As promised, here are more tips and tricks in our series on how to ace entrance exams for schools, as well as information on how we coach students to succeed at Elisa’s Tutorial Academy. One of the trickiest parts of the entrance tests are the Reasoning sections – which are usually divided into Verbal and Non-Verbal Reasoning.
The two sections are challenging for different reasons and most children are better at one of the two. If your child has high language abilities, reads a lot, writes well and has a good vocabulary, then it is likely that he or she will find the verbal reasoning section easier than most. However, if their English skills are not very good, this can be one of the toughest papers in which to coach a child, as it takes real effort on the part of the student to improve his language level. In this blog post, I will focus on this very important paper.
One of the first things I do with children who come to me is tell them to read. Reading is essential for so many different reasons, but one of the main things that it does is improve your vocabulary. A good vocabulary is not only important for good writing and comprehension skills, it is indispensable for doing well in verbal reasoning. Verbal Reasoning tests can be of a format where children write in their answers on the paper, or multiple choice, where children will need to be familiar with choosing answers from a special answer-sheet.
Verbal reasoning, like non-verbal reasoning, checks students’ understanding of patterns and problem solving, especially when it comes to language. These tests are not part of the National Curriculum, and so students are unfamiliar with this style of testing. It is therefore essential that they are coached not only in the style and content, but in practicing this test at speed. I have several worksheets and workbooks that I give my students during and after classes, as well as material that I have developed myself, to give them a lot of practice in the type of questions that they ask in this exam paper.
You should check if the Local Council or school that you want to place your child in administers this test as part of their exam. Some places do not. Verbal Reasoning papers differ from school to school and area to area, but they usually have similar things that they require students to do:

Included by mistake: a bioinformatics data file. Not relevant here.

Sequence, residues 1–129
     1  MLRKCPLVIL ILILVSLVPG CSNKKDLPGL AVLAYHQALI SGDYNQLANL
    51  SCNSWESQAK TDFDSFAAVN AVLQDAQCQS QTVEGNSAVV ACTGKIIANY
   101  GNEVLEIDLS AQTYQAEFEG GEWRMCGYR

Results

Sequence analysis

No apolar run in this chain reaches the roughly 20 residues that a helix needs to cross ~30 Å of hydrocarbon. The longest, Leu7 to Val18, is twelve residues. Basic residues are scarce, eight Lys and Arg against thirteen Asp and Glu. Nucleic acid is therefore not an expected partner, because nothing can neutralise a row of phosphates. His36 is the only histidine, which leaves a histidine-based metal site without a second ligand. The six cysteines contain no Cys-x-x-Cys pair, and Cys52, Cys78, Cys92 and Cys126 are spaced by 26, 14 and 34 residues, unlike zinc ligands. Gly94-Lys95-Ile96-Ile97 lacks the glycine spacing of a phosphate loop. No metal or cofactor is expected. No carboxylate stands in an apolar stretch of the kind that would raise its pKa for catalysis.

- Find and duplicate patterns
- Solve problems
- Think logically
- Understand words
- Time themselves
- Know a wide range of spelling rules and spellings
- Understand linguistic cues and structures
- Unjumble words
- Do crosswords
- Predict what’s coming next
If you are finding it difficult to visualise the kinds and difficulty levels of the questions asked here are a couple of typical questions taken from a sample BOND paper.
ExampleQuestion:Find the four-letter word which can be added to the letters in capitals to make a new word. The new word will complete the sentence sensibly.
They enjoyed the BCAST. _________
Confused? The complete word is BROADCAST.
Here’s another ExampleQuestion:Find two letters which will end the first word and start the second word.
tro ( _ _ ) tion
Answer: The letters are o and p, to make troop and option.
So as you can see if you do not know how the questions work, even if you have a decent vocabulary, it does not guarantee success. This is why it is important to start training your child in the years before they have to attempt such papers. Besides sending him or her to a tutorial school like mine, you can also play word games with them like Scrabble, and teach them to do crosswords. The dictionary is another important tool, which can be turned into a game.
More than all of that, however, your child has to read, if he or she does not already does so. You can read my previous blog posts about reading. I am also compiling all the vocabulary that I think is important into a book that will be available for sale soon. This will be a one-stop-shop for preparing for Verbal Reasoning and English papers so make sure you watch these pages for news about when it goes on the stands. If you drop me a line, you could be the recipient of a sample copy!